Objective Lay rescuers have difficulties acquiring ventilation skills during training. Non-feedback manikins are still widely employed, although skill acquisition is suboptimal. We analysed if a longer training time and verbal feedback, given by an instructor, improved ventilation skill acquisition with non-feedback manikins.
Methods Forty-three high school students without prior medical training participated in this prospective randomised trial. Under one-to-one instructor guidance, 25 volunteers were trained on a manikin with a mouth-to-mask device for 10 min, and 18 volunteers for 20 min. After training, volunteers were assessed and verbal feedback was given: ventilate more if the mean tidal volume <0.5 L, ventilate less if >0.7 L or ventilate the same for 0.5–0.7 L. The volunteers were then reassessed.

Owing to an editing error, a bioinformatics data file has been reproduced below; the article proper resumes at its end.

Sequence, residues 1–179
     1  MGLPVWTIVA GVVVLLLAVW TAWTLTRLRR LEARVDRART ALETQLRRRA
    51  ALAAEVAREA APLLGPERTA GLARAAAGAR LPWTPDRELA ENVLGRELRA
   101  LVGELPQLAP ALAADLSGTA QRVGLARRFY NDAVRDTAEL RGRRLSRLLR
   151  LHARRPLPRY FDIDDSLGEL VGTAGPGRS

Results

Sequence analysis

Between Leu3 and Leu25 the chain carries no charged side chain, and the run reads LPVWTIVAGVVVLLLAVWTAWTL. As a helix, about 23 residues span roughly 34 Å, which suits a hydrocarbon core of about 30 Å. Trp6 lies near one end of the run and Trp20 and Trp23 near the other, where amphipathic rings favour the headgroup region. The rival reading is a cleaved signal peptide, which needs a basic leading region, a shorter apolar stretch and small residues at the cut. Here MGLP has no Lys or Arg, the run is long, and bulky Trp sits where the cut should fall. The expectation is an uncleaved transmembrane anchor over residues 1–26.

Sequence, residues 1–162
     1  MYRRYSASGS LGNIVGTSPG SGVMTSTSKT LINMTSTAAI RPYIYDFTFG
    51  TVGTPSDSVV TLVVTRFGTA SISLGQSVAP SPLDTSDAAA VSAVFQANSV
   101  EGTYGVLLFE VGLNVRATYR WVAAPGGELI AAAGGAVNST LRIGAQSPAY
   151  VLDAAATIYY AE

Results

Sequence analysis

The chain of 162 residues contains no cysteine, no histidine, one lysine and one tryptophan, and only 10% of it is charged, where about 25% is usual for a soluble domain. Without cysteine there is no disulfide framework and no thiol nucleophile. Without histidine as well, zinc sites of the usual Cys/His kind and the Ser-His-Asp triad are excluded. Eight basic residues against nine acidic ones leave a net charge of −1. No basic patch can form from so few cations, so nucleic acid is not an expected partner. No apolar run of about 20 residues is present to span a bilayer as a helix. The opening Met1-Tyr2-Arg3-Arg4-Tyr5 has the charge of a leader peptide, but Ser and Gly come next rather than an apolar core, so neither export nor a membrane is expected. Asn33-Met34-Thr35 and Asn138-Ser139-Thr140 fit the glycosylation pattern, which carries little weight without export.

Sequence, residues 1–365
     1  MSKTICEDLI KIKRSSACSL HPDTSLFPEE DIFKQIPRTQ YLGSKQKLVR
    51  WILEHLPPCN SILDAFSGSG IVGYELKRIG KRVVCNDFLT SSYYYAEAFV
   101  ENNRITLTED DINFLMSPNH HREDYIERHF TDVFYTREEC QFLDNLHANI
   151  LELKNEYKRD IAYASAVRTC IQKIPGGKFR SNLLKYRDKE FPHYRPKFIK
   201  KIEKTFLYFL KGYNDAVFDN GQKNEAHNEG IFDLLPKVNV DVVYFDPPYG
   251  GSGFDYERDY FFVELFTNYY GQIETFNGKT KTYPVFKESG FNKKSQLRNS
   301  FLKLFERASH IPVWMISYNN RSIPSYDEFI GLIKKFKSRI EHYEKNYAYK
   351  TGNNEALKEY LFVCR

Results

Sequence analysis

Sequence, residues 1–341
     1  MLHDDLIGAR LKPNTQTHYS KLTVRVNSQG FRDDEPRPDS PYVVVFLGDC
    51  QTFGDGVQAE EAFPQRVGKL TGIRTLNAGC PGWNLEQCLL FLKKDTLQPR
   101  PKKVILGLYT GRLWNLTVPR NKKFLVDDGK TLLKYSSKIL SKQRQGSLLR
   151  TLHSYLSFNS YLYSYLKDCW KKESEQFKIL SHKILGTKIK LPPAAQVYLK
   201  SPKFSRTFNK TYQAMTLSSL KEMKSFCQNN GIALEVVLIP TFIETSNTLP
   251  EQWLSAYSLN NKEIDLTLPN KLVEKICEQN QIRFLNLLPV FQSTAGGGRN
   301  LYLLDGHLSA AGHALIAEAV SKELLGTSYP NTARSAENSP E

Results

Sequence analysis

Results At the assessment, tidal volume, minute volume, peak airway pressure, ventilation rate and stomach inflation rate were comparable between the 10 and 20 min groups. After verbal feedback, at reassessment both groups increased tidal volume (assessment 0.75±0.24 vs reassessment 0.80±0.16 l/min; p=0.007), minute volume (9.1±3.0 vs 10.0±2.4 l/min; p=0.001), peak airway pressure (17.0±5.2 vs 18.3±3.4 cmH2O; p=0.003) and stomach inflation rate (67 vs 88%; p=0.02), while ventilation rate (12.3±2.1 vs 12.6±2.3 ventilations/min; p=NS) remained comparable.
Conclusions Both 10 and 20 min ventilation training times resulted in comparable skills. Volunteers hyperventilated the manikin and produced excessive stomach inflation in this model. This increased even further after verbal feedback.
- Basic life support (BLS)
- cardiopulmonary resuscitation (CPR)
- mouth-to-mask resuscitation
- tidal volume
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